In 1953, Marilyn Monroe starred in Gentlemen Prefer Blondes as Lorelei Lee, a lovable but shallow showgirl, who travels to Europe with her best friend Dorothy Shaw (Jane Russell). The movie follows Lorelei's attempts to marry her rich boyfriend, Augustus Edmond, over the objections of his stern father. For Lorelei and Gus, the trip to the altar is littered with spectacular musical numbers, robberies, private detectives, and some very questionable photographs.
Monroe's first and most important accomplishment in this movie is making the manipulative and diamond-obsessed Lorelei thoroughly likable. On paper, the character is a complete nightmare (I ain't saying she's a gold digger but...). However, Monroe's natural charisma insures that you can't help but root for Lorelei despite her obvious flaws. Marilyn Monroe had that indescribable 'it'. When she is on screen, your eyes are drawn to her. And when Lorelei encounters problems- arguably at least partially of her own making- you pray that she makes it through okay. I guess one could say Marilyn possesses pure charm, something that is invaluable in a movie star. If Monroe hadn't made Lorelei so captivating, the entire film would've fallen apart.
The musical numbers in Gentlemen are a lot of fun. They 're highly energetic and Monroe and Russell have appealing voices and great chemistry. In particular, the lavish spectacle and sassiness of the film's most famous number, "Diamonds are a Girl's Best Friend", are enough, on their own, to be worth the price of admission. However, in the interest of full disclosure, I have to admit that the rest of the songs, though undeniably entertaining, are nothing terribly special.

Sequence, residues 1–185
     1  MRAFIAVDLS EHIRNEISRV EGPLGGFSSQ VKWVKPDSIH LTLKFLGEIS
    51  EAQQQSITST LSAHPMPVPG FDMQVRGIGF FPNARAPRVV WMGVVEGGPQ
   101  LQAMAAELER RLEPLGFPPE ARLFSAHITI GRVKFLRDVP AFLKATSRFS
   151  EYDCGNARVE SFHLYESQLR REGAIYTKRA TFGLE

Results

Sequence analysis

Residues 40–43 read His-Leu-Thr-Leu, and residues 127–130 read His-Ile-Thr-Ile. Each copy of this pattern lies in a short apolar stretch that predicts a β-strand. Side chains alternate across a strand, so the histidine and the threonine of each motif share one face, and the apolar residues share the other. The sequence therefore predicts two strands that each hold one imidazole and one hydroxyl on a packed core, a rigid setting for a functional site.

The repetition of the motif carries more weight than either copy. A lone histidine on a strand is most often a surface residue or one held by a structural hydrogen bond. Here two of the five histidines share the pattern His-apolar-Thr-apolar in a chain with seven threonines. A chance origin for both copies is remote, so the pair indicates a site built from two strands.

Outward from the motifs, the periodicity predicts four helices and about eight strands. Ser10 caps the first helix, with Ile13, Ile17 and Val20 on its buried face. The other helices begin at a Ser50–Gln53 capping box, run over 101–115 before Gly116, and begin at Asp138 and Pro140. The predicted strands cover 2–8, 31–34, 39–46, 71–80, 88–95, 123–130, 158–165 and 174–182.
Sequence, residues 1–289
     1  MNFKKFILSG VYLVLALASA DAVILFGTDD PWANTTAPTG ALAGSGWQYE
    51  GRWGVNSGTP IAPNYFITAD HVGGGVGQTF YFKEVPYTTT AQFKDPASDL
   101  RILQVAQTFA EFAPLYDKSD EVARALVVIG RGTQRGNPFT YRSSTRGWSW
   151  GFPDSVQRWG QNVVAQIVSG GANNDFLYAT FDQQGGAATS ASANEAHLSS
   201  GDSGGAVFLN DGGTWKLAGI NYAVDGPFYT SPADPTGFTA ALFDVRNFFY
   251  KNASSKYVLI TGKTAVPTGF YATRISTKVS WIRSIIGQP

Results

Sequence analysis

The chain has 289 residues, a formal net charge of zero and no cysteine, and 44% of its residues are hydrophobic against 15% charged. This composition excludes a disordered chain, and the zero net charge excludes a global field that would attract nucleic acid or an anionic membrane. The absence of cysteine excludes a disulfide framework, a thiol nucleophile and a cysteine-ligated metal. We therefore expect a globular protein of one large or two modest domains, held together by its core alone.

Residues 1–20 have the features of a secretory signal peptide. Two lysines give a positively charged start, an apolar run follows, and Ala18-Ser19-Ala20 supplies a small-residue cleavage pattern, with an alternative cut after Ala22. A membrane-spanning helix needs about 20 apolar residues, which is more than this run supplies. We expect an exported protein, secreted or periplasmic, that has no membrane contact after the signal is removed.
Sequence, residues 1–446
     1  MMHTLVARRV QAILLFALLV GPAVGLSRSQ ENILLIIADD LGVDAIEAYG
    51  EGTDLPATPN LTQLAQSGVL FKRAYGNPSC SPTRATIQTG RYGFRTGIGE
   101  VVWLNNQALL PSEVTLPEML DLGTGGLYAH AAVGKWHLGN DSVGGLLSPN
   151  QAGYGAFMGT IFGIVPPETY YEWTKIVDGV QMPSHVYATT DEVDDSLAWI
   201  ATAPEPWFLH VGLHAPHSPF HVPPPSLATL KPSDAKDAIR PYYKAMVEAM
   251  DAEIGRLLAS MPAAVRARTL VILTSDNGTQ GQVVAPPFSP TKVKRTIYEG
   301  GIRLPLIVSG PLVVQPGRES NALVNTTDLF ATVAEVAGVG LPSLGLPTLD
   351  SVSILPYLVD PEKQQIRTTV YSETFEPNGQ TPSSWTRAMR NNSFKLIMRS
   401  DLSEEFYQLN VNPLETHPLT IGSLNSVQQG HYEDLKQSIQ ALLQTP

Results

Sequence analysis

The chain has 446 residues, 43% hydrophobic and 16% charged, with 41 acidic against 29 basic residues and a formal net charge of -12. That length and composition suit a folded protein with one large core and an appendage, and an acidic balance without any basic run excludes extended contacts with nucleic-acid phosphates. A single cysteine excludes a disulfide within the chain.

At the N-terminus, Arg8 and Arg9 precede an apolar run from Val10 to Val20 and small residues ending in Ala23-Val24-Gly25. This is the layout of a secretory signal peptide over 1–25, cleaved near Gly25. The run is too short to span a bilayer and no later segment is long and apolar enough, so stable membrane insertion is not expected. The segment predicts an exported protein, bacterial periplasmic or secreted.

Monroe's singing voice, as I said, is very appealing. Her speaking voice, on the other hand, takes a little getting used to. In keeping with her carefully cultivated image, Monroe spends the movie talking in an obviously affected childlike voice. The effect, for a modern audience, can be jarring at first but as the movie goes on, it becomes less and less noticeable. This particular acting choice fits with the character of Lorelei, whose outward persona is all innocence and sweetness, but it detracts from the overall performance because it is very clearly unnatural.
However, the best surprise, for anyone totally unfamiliar with Monroe's movies, is that she is hilarious. In Gentlemen, she is heavily assisted by an excellent screenplay. However, the clever dialogue and playful scenarios could not have been put in better hands. Monroe enhances the already funny material with her impeccable comedic timing and gift for melodramatic flare. Not to give anything away, but one specific episode, involving the attempted retrieval of the aforementioned suspicious photos, devolves into a series of race-against-the-clock gags through which Monroe's aptitude for physical comedy is revealed and which are guaranteed to make even the most selective of viewers giggle. Anyone can enjoyGentlemen Prefer Blondes. It is a solid comedy, fast-paced, unpredictable, and gloriously entertaining. And at the heart of it all is that universally known woman whom almost no one takes the time to meet. We shouldn't let it be forgotten: Marilyn Monroe was an actress and a damn good one, at that.